The Appalachian Mountains, often called the Appalachians, are a system of mountains in eastern to northeastern North America. The Appalachians first formed roughly 480 million years ago during the Ordovician Period. They once reached elevations similar to those of the Alps and the Rocky Mountains before experiencing natural erosion. The Appalachian chain is a barrier to east–west travel, as it forms a series of alternating ridgelines and valleys oriented in opposition to most highways and railroads running east–west.
|Elevation||6,684 ft (2,037 m)|
|Length||1,500 mi (2,400 km)|
|Countries||United States and Canada|
|Provinces/States||Newfoundland and Labrador, Saint Pierre and Miquelon, Québec, Nova Scotia, New Brunswick, Maine, New Hampshire, Vermont, Massachusetts, Connecticut, New York, New Jersey, Pennsylvania, Maryland, Washington, D.C., Delaware, Virginia, West Virginia, Ohio, Kentucky, Tennessee, North Carolina, South Carolina, Georgia and Alabama|
|Orogeny||Taconic, Acadian, Alleghanian|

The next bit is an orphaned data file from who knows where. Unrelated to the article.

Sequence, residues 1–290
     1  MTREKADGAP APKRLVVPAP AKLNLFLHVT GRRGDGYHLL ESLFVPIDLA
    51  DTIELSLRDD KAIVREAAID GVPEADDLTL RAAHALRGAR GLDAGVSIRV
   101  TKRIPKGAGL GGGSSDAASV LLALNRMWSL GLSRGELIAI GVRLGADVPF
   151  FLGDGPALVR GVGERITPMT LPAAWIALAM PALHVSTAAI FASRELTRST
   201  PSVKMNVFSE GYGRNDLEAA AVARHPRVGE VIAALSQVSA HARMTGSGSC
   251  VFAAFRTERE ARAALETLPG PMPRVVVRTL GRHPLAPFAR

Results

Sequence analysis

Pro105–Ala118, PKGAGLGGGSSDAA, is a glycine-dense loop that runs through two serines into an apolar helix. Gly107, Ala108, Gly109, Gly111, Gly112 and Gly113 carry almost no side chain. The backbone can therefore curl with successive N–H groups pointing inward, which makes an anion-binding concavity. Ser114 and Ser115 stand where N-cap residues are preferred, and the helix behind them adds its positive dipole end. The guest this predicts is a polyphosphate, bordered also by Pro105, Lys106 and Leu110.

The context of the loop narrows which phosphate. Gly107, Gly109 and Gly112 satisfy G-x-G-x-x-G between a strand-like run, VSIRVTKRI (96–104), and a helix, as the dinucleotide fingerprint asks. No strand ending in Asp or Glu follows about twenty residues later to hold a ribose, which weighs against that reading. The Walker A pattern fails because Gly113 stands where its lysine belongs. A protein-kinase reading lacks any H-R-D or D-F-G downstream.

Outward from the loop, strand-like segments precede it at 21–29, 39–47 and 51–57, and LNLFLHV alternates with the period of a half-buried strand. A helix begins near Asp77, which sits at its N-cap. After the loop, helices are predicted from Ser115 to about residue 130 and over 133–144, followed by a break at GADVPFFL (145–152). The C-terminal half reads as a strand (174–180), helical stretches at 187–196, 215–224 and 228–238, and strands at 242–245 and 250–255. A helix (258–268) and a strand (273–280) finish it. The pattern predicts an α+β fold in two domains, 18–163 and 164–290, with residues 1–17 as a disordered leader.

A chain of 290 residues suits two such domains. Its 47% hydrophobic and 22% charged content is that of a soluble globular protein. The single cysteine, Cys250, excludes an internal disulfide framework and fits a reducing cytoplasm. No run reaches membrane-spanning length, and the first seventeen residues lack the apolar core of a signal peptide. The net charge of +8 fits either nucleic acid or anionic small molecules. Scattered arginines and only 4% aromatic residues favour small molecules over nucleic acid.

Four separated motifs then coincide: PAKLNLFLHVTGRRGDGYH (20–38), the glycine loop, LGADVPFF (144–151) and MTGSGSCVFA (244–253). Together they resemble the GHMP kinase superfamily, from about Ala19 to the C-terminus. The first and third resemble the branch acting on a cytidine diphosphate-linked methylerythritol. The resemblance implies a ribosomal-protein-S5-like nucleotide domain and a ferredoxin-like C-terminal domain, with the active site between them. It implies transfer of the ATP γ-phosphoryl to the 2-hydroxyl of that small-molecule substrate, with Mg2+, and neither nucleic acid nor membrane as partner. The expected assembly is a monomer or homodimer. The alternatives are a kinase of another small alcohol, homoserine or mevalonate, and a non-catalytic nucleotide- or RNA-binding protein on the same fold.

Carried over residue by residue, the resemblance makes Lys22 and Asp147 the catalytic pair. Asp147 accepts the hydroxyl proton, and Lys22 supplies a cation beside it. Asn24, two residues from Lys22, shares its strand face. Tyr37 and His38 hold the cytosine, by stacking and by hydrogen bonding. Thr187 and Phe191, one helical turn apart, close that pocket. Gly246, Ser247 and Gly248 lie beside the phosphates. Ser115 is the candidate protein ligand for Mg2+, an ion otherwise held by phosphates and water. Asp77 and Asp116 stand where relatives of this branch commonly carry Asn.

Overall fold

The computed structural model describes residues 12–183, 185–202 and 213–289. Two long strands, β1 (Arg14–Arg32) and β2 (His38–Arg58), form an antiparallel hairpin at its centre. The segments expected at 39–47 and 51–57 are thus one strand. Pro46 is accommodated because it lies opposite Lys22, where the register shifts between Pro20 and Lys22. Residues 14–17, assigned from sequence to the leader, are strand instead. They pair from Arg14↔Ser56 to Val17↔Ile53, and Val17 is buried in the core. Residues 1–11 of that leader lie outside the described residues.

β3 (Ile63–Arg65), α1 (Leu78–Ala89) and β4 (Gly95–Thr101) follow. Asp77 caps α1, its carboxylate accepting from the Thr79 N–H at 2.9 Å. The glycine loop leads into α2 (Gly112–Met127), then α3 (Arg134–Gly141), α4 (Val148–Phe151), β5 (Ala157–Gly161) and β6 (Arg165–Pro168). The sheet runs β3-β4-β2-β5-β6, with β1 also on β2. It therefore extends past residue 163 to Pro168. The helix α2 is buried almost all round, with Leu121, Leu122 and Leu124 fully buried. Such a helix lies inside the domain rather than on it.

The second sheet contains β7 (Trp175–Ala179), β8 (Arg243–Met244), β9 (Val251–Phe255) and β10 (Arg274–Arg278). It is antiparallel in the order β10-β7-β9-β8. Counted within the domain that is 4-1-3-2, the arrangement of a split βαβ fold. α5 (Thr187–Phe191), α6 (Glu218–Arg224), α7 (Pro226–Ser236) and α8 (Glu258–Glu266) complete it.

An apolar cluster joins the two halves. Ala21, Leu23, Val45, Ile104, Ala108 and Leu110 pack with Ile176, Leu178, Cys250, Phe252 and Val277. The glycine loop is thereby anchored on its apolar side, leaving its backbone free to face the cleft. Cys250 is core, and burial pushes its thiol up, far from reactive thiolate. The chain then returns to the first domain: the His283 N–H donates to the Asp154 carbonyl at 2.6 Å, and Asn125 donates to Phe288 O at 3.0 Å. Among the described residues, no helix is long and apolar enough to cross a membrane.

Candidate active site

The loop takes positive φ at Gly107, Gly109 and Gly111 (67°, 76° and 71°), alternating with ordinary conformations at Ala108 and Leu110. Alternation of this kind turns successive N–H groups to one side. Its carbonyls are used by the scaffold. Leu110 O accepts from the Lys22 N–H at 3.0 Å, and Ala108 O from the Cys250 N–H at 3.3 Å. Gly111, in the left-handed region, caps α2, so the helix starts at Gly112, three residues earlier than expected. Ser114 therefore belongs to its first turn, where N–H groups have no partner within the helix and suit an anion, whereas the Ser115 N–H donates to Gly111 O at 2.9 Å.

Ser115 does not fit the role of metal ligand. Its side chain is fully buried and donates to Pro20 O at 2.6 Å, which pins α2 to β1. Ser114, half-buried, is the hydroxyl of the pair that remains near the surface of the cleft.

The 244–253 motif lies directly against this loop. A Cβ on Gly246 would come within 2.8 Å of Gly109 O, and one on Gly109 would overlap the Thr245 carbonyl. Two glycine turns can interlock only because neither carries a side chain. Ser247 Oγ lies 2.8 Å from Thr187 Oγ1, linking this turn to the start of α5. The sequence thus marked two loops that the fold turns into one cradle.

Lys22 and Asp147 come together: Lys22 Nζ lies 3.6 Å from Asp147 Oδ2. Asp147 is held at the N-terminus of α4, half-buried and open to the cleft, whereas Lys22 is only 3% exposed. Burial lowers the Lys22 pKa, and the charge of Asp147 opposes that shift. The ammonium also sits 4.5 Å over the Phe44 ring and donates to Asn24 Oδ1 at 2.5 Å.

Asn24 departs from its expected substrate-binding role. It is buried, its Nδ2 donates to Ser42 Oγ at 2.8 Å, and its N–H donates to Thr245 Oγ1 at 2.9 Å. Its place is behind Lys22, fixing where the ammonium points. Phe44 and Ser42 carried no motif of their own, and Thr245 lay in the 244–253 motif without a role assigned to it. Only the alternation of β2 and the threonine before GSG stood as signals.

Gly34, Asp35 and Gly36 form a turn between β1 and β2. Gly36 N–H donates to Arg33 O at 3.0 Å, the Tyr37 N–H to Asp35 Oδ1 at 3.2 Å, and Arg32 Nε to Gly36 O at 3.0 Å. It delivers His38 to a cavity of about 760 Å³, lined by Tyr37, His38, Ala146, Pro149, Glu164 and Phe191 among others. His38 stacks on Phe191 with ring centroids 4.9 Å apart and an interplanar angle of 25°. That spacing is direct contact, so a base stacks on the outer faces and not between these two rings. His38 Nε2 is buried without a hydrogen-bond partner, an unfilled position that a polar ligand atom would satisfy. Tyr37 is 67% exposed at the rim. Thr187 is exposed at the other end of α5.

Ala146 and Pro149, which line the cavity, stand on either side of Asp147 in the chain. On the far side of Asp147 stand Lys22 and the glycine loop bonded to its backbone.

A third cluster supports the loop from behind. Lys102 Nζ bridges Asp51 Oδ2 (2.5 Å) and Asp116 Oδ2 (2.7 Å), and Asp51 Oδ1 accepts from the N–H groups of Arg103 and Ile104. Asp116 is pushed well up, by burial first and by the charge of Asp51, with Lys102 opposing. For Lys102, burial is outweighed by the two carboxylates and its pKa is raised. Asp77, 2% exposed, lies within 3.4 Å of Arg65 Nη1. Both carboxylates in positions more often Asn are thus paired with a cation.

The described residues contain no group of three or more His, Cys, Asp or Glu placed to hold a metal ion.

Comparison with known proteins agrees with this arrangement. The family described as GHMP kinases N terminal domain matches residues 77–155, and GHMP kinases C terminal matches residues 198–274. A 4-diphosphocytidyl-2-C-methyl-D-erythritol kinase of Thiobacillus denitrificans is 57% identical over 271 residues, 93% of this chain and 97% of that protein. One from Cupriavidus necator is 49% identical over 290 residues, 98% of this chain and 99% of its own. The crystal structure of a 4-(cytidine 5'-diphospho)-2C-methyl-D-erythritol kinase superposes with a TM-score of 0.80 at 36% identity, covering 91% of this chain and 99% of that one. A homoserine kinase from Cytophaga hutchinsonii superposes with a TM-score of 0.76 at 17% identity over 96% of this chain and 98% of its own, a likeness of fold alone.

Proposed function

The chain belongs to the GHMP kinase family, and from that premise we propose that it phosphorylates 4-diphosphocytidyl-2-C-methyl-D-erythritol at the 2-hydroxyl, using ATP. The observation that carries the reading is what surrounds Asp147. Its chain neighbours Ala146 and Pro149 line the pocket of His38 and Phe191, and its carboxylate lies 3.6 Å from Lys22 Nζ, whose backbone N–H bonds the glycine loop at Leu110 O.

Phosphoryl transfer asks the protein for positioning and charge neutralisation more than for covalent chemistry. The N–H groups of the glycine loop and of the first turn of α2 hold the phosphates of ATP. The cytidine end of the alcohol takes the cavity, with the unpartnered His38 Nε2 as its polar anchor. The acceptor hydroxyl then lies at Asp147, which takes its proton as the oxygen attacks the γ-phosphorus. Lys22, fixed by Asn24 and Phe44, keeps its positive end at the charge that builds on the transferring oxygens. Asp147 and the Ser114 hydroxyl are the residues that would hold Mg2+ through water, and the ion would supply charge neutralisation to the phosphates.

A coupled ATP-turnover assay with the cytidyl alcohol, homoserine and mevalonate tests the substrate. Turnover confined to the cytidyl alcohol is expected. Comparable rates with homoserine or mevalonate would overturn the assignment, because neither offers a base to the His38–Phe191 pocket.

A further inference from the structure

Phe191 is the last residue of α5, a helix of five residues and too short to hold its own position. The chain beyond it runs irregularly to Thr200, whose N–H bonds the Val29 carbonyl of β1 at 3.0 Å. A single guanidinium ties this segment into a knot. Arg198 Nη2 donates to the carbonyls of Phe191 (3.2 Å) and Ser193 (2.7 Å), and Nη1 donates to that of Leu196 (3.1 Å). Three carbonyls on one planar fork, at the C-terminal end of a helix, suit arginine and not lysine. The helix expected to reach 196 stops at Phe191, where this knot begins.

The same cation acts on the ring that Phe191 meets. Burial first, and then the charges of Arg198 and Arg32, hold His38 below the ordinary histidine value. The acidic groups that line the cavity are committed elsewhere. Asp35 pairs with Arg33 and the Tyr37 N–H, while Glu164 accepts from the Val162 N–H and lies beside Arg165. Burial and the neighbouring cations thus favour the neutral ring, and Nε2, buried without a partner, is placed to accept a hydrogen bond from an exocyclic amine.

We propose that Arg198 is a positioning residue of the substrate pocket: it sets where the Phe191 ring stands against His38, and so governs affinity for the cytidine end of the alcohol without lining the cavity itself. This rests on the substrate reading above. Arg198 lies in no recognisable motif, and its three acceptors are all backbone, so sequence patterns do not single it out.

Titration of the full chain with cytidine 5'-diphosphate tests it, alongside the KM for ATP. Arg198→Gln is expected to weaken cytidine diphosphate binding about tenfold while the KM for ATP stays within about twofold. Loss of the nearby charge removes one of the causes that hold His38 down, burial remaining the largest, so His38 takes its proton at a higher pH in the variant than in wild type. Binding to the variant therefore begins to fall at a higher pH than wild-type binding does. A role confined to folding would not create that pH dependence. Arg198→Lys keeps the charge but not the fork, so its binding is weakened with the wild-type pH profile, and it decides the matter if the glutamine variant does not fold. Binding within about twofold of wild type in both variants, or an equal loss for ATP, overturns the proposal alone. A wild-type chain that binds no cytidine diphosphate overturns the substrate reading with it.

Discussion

|Age of rock||Ordovician–Permian|
Definitions vary on the precise boundaries of the Appalachians. The United States Geological Survey (USGS) defines the Appalachian Highlands physiographic division as consisting of thirteen provinces: the Atlantic Coast Uplands, Eastern Newfoundland Atlantic, Maritime Acadian Highlands, Maritime Plain, Notre Dame and Mégantic Mountains, Western Newfoundland Mountains, Piedmont, Blue Ridge, Valley and Ridge, Saint Lawrence Valley, Appalachian Plateaus, and New England province. The Appalachians do not include the Adirondack Mountains. The Adirondacks are a part of the Canadian Shield and belong to the Grenville Orogeny; they are a distinct and growing range separate from the Appalachians.